HS: I also totally agree with that. Fidor bank in Germany is a banking dashboard and they allow you to basically assets. It’s not just assets you hold at that particular bank. My bank allows me to put in other accounts b/c they are probably accessing through APIs. But it’s still within the traditional banking system. But It’s not like my Amazon credits, or my Amex rewards points. I love that I can buy stuff on Amazon and pay for it with my Amex rewards points, it’s really interested how I choose which things I’m going to to use my rewards points for and which ones I’m going to pay money for. Sometimes I talk about AI, it’s really about a smart system that understands your values and your beliefs and when you’re in this store, I want to use these, or if something accepts this is my preferred currency to transact with in these situations I’d prefer to transact in these other ones. 


GL: One thing that’s going to be interesting is the connection between identity and money. Dave Birch’s book [I haven’t read it] is titled “Identity is the new money”.Something I found recently interesting is that: in a way on the blockchain we are all pseudonymous, because there is no identity, there is no social security number, there is an account and that’s what in this account, or these are the events attached to these addresses. The identity is really in the wallets. The wallets are the collection of addresses on one or more blockchains. So you can see identity as saying: I’m going to share you these assets here that I own. What I have, which assets I have, defines who I am, and I can decide to expose which I want to show, so the notion of persona. When people talk about identity it seems it’s all about tied to your DNA, your passport number and stuff like that. There is that and it’s very important. I’m much more interested in creating personas out of what assets you own on different blockchains. If I have YesYesYesCoin, that tells something about me. I may want to expose when I transact, and the way I do that is by proving that I own some. I can prove I own these things. In a different context, I may not want to share that I own some bitcoins. So it’s just interesting that maybe we’ll build identity around the kinds the crypocurrencies that we own. [in other words, is money the new identity, instead?]


HS: If I can go sci-fi here. There is some ideas about creating separate identities that may or may not be linked to me. If you think about internet of things, where you have a car as an identity and I’m the owner of it. When I am no longer the owner of it, maybe it will go off and start have an identity of its own.


GL: From the standpoint of internet of things, I would not call that identity. Certainly, all the keys, whatever requires me to start the car, or open the trunk, will become tokens on of some these chains. I think anyone would reasonably expect to be able to look up the complete history of the car from public records, meaning on the Internet, on the chain. In general, I’m really struggling with the notion of Identity. It seems with bitcoin, we solved the problem with double spend in a decentralized way. But with identity we still have to crack that problem. How do we humans prove that we are humans. Right now the only thing we have is computers who are able to tell something about us. I’m always looking for where identity intersects with currency, with these cryptocrurrencies, because I haven’t yet a solution that satisfies me from an identity standpoint.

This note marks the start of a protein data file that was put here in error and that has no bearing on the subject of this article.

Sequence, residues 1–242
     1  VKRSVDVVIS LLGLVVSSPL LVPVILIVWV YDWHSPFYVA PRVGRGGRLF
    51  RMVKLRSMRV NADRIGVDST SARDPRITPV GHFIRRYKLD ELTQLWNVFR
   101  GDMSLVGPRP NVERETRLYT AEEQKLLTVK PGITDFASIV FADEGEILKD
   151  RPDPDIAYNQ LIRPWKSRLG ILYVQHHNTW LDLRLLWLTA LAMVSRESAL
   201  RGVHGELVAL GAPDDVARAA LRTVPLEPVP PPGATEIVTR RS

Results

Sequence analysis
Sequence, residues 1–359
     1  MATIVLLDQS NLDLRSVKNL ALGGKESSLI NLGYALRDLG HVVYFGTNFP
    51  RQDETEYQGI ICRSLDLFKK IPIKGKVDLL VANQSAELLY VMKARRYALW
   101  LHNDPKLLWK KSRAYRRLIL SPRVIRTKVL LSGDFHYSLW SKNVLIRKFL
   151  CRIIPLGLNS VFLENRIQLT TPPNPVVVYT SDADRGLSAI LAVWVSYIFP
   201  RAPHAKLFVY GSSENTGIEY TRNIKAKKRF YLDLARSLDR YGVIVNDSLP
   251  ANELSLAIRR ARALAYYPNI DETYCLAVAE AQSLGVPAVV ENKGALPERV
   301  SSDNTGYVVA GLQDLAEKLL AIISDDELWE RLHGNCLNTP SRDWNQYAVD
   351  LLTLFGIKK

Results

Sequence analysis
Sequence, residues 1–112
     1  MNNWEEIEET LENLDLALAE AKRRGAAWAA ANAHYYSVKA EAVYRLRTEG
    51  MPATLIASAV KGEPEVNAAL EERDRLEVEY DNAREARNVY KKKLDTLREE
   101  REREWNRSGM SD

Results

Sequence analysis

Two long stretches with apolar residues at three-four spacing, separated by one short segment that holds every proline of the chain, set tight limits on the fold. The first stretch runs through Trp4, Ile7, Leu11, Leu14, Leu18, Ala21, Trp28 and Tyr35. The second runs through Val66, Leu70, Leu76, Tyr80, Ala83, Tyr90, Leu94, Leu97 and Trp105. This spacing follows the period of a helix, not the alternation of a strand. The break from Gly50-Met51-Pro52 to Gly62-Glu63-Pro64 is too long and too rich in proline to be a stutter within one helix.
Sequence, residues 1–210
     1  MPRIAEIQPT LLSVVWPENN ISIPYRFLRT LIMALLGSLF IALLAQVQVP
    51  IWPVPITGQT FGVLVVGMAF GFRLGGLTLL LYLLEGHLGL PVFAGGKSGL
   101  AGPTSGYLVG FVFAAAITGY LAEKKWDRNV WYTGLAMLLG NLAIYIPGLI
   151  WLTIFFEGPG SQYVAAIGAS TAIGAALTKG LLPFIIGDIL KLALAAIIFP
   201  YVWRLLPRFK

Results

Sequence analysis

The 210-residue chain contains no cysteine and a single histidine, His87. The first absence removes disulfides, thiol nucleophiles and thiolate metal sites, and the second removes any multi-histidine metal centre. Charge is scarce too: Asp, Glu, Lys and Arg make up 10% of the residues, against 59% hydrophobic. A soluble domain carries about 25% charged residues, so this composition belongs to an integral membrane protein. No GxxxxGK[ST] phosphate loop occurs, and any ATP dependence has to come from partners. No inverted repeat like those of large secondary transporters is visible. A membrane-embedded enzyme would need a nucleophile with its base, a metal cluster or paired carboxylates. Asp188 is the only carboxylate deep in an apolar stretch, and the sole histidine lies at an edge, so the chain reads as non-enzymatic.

HS: Are you talking about KYC within crypto currencies?


GL: I think the identity in that context is very much tied to your tax ID and government records. But people need some privacy and they will want. I don’t expect to have my identity stored with one party. It’s something that’s very dynamic that I want to change over the time. Things like having a collecting of tokens of the Web that I can claim my own I can prove my own and in some cases I can transfer. That’s an interesting way to build an identity system. Namecoin for instance is interesting. I can put a piece of data on name coin and I can prove it’s mine. I’m really fascinated by building identity on top of bitcoin.


HS: I’m writing a brief right now on reputation currencies. You’re talking bout showing/hiding different currencies you hold. It’s almost a different type of reputation currencies, it’s using currencies to create reputation, and show your identity through your financial assets and show different assets.


GL: Yes, it’s the fact that you have assets – a layer that’s pseudonymous – and that you wallets on top. Instead of having wallets directly holding assets, tying your identity to assets. In a way in a bank we have account numbers and we have assets in these accounts, but really there is no bank you can do a transfer just with your account number, you have to prove your identity, and by that they mean showing your government card. What’s interesting with bitcoin is that it’s bringing again this separation between assets, accounts, and building wallets and identity on top of which assets I control. That means I can decide I can prove I own one or not, and even if I can prove it I can decide not to show that I do. It may not be the identity model that governments may want but it’s a very interesting one for people.